Scientists have said the first batch of locally grown genetically modified potatoes will be on sale in Ugandan markets in 2020.
Dr Alex Barekye, the director of Kachwekano Zonal Agriculture Research Institute in the western district of Rubanda, said agricultural biotechnology research on potatoes is underway to create a genetically modified variety that will be resistant to diseases.
Barekye said three trials have been conducted on the Victoria potato variety and so far, tests did not find any disease yet the yield is high.
“When we look at all the products in the GMO line and look at the duration of the crop, I think potatoes will be the first GMO crop to be commercialized in Uganda. We have conducted three trials and found that the disease is not there. The yield is good and there is nothing that has changed. The Victoria that is transforming is the same as the one which is not transformed,” Dr. Barekye told The Observer in an interview, on the side-lines of the World Food day celebrations in Rubanda on October 16.
This revelation comes barely two weeks after parliament passed the National Biotechnology and Biosafety Bill, in short christened the GMO bill.
Barekye explained that the next phase of the project is to test the transgenic potato in three different areas in Uganda, beginning in November this year, to establish whether the seed crop will thrive in the environment.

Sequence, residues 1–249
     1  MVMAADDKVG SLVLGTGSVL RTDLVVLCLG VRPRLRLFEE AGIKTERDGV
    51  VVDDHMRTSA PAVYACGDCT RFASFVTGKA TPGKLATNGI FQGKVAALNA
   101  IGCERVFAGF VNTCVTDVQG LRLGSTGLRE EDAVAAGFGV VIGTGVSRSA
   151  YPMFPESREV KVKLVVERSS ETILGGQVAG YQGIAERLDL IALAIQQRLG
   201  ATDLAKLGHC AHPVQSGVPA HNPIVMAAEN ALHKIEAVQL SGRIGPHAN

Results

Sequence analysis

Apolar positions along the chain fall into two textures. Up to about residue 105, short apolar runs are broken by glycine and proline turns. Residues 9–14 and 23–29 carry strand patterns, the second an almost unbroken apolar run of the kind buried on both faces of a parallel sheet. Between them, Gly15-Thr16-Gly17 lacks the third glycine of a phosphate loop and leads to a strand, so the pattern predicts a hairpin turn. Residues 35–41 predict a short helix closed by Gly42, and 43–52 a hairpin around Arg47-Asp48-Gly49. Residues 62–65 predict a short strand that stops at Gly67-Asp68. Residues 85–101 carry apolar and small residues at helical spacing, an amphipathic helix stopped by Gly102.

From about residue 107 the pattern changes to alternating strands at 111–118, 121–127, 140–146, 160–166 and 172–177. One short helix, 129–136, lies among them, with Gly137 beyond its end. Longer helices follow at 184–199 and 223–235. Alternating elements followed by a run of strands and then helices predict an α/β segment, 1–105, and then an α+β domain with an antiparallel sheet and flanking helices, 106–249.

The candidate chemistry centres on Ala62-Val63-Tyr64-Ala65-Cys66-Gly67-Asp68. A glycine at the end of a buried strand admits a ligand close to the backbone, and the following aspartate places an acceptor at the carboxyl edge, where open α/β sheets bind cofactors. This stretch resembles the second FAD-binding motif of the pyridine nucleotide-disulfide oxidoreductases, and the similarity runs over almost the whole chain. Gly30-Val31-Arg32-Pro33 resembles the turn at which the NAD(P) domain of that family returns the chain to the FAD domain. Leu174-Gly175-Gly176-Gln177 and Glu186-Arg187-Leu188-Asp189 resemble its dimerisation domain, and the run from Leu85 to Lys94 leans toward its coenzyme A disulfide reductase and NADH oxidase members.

They include Rwebitaba Zonal Agricultural Research and Development Institute (ZARDI) in Kabarole district; Buginyanya Zonal Agricultural Research and Development Institute in Mbale district and Kachwekano.
Before planting begins at the three multiplication sites, scientists said the National Biosafety Committee must give the nod of approval.
The committee is provided for under the GMO bill and is tasked with prescribing conditions, standards and procedures relating to development, testing, transit and general release of a GMO.
President Yoweri Museveni, in a speech read by the second deputy prime minister, Kirunda Kivejinja, pledged more funding towards research to find solutions to drought and diseases hindering productivity in the agricultural sector.
-Written by Olive Eyotaru in The Observer. See original article link here.